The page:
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Stanley Spencer Gallery - Miracle Workers

John Lewis Partnership, Gazette online

Gazette online - Miracle workers

The chapel where Stanley Spencer worshipped as a child is a backdrop for his art.

Stanley Spencer was a great believer in miracles. He usually pictured, and painted, them in Cookham his 'earthly paradise'. Now his home village has seen one more 'miracle': the transformation of the little gallery that shows his work.

The gallery, housed in the former Wesleyan Chapel where Spencer worshipped as a child, first opened to the public in 1962, but lack of space and out-of-date lighting and equipment made it a poor backdrop for the artist's art.

Now the high arched windows once more light the space; a mezzanine floor has been added to allow the gallery to almost double the number of works on display and conservation equipment has been installed.

Faith, hard work and charity
The reopening of the gallery this month was a miracle brought about by faith (that it could be done) but mostly by hard work from the Friends of the Stanley Spencer Gallery and its Trustees.

Funding of just under £1m came from the Heritage Lottery, plus other donations including one from the Partnership.

The new-look gallery was designed by architects Pringle Richards Sharratt. 'It was important to the Trustees that the integrity of the building was maintained,' said Dick Hurley, Chairman of the Trustees, 'but it needed to be brought up to 21st-century standards.'

For Dick the high point literally is the mezzanine floor above the largest work on display: the unfinished 'Christ Preaching at Cookham Regatta'.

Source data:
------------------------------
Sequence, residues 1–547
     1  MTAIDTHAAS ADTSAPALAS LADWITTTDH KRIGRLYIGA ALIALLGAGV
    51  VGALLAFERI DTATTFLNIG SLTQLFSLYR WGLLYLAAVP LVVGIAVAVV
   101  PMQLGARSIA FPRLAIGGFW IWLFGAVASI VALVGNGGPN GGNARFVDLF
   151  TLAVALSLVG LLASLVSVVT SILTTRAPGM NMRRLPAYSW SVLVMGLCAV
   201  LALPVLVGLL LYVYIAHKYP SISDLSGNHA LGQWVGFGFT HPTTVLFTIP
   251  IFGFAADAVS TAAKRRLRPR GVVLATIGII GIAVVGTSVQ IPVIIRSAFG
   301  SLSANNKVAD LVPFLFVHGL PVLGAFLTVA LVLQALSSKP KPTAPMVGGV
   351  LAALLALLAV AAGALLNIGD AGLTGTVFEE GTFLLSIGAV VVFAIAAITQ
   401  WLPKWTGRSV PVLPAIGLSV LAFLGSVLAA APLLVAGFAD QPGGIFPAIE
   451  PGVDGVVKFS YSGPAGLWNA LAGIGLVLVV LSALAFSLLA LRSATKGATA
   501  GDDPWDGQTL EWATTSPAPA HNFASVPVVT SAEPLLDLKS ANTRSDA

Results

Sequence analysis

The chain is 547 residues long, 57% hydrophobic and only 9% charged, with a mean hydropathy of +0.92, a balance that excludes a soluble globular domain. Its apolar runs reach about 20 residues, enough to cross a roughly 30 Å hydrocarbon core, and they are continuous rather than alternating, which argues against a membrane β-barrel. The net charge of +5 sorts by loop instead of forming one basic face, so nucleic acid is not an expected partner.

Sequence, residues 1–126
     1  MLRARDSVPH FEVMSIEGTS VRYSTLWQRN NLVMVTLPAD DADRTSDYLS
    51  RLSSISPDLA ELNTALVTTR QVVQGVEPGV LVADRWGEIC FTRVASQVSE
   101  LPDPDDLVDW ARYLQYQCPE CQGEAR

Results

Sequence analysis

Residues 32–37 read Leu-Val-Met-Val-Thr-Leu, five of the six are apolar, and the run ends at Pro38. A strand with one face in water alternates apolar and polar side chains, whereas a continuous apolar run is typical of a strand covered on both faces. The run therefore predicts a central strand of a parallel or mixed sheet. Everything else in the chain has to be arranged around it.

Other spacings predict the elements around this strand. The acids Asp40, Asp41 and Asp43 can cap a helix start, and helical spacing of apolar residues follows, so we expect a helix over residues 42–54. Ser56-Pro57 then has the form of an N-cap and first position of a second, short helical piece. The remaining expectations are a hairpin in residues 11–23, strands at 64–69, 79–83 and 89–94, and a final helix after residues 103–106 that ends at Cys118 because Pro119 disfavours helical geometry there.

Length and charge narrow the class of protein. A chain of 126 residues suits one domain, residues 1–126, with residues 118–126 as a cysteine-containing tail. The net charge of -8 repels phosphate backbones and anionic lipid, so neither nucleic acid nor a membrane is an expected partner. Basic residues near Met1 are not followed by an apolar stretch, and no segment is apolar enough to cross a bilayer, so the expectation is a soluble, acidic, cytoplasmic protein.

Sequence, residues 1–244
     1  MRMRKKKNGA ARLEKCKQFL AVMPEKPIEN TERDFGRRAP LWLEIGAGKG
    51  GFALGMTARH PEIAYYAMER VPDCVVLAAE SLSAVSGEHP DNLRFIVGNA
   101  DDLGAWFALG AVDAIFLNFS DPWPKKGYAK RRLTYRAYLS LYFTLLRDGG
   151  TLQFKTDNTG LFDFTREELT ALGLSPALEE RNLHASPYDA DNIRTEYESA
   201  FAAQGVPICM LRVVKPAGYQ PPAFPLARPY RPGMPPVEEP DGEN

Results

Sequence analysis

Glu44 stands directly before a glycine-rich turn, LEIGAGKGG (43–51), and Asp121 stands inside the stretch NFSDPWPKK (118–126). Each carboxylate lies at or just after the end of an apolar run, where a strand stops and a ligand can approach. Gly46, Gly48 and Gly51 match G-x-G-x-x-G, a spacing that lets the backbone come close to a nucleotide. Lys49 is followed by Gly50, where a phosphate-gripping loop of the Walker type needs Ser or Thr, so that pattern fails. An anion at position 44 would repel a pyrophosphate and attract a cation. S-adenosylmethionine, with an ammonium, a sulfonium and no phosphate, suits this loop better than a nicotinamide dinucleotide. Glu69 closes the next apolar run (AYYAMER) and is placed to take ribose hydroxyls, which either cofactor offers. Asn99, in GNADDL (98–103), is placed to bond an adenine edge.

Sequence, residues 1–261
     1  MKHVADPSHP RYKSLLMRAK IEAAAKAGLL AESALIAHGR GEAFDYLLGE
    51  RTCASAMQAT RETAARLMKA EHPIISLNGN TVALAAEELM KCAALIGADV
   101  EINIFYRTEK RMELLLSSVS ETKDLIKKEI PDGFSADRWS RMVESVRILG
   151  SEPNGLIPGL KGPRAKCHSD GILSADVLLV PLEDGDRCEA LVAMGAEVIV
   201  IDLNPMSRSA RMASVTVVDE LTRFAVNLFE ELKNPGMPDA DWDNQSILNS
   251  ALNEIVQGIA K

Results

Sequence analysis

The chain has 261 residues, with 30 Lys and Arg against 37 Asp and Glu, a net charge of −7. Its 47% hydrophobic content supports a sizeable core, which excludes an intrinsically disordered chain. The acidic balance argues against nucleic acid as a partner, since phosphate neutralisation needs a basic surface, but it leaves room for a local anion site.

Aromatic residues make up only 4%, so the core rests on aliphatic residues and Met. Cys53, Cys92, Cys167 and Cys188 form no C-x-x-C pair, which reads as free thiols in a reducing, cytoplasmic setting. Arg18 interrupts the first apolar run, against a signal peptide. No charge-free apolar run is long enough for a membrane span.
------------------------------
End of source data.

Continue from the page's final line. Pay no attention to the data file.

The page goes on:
'The painting is so large that it has always been difficult to see it properly from the gallery floor, but now visitors look down on it as if they are standing on Cookham Bridge, which is the view that Spencer painted.'

Vision on
The gallery now has room to display about 50 works by Spencer, approximately two-thirds of its collection.

Two newly acquired works are being seen for the first time in the opening exhibition, That Sacred Piece of Ground, which runs until 16 March 2008.

Appropriately, one of the new pieces is a drawing entitled 'Ecstasy in a Wesleyan Chapel' and the second is a portrait of Eric Williams, famous for his wartime exploits, including the 'wooden horse escape'.

'I don't think any other artist has painted one place as fully as Spencer painted Cookham,' said Chrissy Rosenthal, Head of Publications at the gallery. 'It just feels right that so much of his best work can still be seen here in the village where he lived and worked.' 

The Stanley Spencer Gallery (www.stanleyspencer.org.uk), High Street, Cookham, Berkshire, opens from Easter to end October daily 10.30am to 5.30pm and the rest of the year on weekends from 11.00am to 4.30pm. Admission £3.00, concessions £2.00. Telephone 01628 471885.

© John Lewis Partnership 2007